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May 22, 1987

Adrenal-to-Brain Transplants Improve the Prognosis for Parkinson's Disease

JAMA. 1987;257(20):2691-2692. doi:10.1001/jama.1987.03390200013002

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THE WORD "BREAKTHROUGH" is rearing its head again. This year, it has popped up in descriptions of a radical treatment for Parkinson's disease: the transplantation of tissue from the adrenal medulla to the right caudate nucleus of the brain (Associated Press, 4/16/87).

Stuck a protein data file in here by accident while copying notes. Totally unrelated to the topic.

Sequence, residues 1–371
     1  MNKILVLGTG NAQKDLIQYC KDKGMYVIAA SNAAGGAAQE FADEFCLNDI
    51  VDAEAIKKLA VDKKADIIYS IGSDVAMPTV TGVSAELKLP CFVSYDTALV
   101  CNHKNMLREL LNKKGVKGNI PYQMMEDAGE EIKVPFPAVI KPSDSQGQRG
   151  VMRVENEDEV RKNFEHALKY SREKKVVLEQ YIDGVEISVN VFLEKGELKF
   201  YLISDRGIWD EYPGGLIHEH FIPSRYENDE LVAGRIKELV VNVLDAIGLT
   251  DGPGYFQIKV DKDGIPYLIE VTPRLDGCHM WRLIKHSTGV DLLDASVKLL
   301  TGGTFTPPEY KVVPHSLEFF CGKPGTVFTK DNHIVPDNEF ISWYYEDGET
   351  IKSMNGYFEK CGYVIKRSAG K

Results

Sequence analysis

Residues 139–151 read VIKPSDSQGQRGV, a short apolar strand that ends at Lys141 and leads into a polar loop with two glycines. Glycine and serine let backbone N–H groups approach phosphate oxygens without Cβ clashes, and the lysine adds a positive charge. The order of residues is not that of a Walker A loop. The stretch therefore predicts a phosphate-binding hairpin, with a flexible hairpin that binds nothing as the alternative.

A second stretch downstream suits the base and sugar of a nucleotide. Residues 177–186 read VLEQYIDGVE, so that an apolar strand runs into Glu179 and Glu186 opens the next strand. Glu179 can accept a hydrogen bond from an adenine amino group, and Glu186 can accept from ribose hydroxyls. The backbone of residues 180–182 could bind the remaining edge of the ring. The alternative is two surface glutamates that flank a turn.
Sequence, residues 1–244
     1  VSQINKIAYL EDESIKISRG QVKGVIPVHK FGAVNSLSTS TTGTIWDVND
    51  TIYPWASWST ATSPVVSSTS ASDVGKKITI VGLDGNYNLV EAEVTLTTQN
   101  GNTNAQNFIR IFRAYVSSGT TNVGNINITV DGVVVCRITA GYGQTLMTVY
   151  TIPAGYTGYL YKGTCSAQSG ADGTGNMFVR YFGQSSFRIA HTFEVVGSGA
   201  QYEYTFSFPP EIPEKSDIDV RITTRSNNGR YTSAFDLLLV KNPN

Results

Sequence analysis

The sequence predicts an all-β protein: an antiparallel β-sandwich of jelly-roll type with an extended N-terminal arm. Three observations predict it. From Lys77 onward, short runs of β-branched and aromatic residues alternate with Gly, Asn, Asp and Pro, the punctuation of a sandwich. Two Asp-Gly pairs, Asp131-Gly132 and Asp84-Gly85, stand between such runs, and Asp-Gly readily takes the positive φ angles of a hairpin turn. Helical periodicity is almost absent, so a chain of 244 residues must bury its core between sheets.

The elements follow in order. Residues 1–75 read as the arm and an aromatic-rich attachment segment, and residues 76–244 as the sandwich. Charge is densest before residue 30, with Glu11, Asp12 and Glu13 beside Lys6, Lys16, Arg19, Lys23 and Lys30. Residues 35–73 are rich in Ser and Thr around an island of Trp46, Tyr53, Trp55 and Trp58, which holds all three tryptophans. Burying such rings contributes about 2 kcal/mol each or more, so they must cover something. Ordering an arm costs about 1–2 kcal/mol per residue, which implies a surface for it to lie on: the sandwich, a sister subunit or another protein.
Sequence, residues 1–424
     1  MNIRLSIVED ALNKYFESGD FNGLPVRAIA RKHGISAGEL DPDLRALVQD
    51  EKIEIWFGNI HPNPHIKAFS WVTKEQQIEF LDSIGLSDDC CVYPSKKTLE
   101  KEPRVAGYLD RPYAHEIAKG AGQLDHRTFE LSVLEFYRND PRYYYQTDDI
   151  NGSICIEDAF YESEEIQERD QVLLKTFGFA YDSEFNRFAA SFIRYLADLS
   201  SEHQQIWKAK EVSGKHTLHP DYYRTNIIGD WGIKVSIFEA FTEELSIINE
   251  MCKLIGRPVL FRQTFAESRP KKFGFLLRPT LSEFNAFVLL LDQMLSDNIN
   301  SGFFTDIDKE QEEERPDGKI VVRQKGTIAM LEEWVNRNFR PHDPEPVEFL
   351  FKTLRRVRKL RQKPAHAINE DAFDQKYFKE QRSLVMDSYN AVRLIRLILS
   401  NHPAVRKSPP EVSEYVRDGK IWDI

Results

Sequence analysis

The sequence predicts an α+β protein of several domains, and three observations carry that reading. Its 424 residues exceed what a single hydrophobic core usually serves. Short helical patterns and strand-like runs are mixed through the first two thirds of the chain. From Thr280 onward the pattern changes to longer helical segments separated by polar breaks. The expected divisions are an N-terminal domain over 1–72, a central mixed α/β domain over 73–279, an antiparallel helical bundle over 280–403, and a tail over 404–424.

Its evocation is inspired by early reports indicating that the first patients to undergo the procedure on this continent have demonstrated a marked improvement in neurological function. Nonetheless, the surgeons who have performed the procedure caution that neither the mechanism of action nor the long-term effects of the grafts have been identified. Moreover, two graft recipients have died unexpectedly within two months of surgery.

The publication by surgeons at the Universidad Nacional Autonoma de Mexico, Mexico City, of favorable results in two patients (N Engl J Med 1987;316:831-834) appears to have stimulated activity among surgeons in the United States. On April 9 and 21, similar operations were performed